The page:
Joseph and his wife and 12-year-old daughter live in a house in the woods. The family earns money by selling the pelts of captured animals, but lately it has become increasingly difficult to make ends meet. And when a cunning wolf shows up in the neighborhood and starts emptying traps, Joseph decides to deal with him one-on-one and goes hunting.
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Humans are the prey. No matter how much one thinks that humans are the top of the food chain, the thriller “Greywolf” asserts the contrary and gives an oppressive impression. Nature’s indifference and the audience’s initial expectations probably play their part: Greywolf appears to be a mundane survival thriller, a battle between man and animal, but the script quickly descends into hopelessness in a spiral. The answer to many misanthropic questions comes with the finale: the final minutes of the film represent the only adequate idea the author had – meaningless, crude and yet understandable.
The action of “Greywolf” takes place in 1990. An almost post-apocalyptic atmosphere permeates the forest of Manitoba, evoking a yearning for “The Road” and the game The Last of Us. A family of three lives in the wilderness: a father, a mother and a daughter. The father teaches the daughter how to hunt and how to properly skin carcasses. This atmosphere of a dystopian fairy tale does not last long: soon the family is threatened by a very hungry wolf. The father goes to the woods to kill the predator, and suddenly discovers a ritual murder scene just like in the first season of “True Detective”.
The creators set a slow pace from the beginning, which becomes tedious at times. The reason is clear: to establish the complex emotional dynamics of an unusual family. Dramatic problems ensue: while the mother questions their unconventional lifestyle and the girl ponders whether to follow in her father’s footsteps, far more interesting things are happening. In those moments when the plot focuses on elements of a huge wolf thriller or a detective story investigation, “Greywolf” reveals itself best. This leads to a worthy final act of the film, as the cumulative personal tragedies lead to a finale capable of eliciting the admiration of Hannibal Lecter.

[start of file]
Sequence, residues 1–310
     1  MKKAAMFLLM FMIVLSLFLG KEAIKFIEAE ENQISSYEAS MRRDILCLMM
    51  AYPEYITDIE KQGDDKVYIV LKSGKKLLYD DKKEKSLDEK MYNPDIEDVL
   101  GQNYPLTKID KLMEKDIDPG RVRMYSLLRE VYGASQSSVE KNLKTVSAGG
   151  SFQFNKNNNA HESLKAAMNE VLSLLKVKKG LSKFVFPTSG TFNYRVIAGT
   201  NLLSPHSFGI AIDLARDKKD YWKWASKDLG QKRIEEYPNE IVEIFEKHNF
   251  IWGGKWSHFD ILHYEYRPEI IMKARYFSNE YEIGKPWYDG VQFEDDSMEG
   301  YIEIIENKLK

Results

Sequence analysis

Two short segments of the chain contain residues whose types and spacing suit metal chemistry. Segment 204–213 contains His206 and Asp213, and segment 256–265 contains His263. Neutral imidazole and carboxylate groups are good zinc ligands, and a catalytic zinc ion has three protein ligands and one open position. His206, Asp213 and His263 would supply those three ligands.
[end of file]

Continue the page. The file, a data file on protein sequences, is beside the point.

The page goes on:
Of course, the closing scene, which is one of the most conspicuous in “The Wolfman,” works this way because it leads smoothly to it throughout the plot. At first, the film is an ordinary and not particularly distinctive survival-themed thriller. Then it rolls off into classic horror. It works: after the slow-motion setting collapses abruptly because of the abundant use of sound effects and music, there is a shock effect. In contrast to the rest of the picture; if one considers “The Wolf” in isolation from the final scene, it is more of a dragging spectacle. The sense of dread the creators want to imbue everything with doesn’t always shoot through: there is still more ghastly than creepy.
The undeniably spectacular thriller looks sour and ugly at times: there really is a lot of violence. This often prevents you from enjoying the dark atmosphere that is faithfully built up here: some elements are purposefully pushed behind the scenes, and the various plot twists look more mediocre. And yes, everything eventually boils down to some unspoken truths about the hunter turned prey: the story of humanity’s madness is understandable, but once “Grey Wolf” thunders about the unreasonableness of being a crown of nature, the plot continues, leaving more questions after viewing than answers.
Codec: HEVC / H.265 (59.3 Mb/s)
Resolution: 4K (2160p)
Aspect ratio: 2.39:1
Original aspect ratio: 2.39:1
English: DTS-HD Master Audio 5.1
English: Dolby Digital 5.1
German: DTS-HD Master Audio 5.1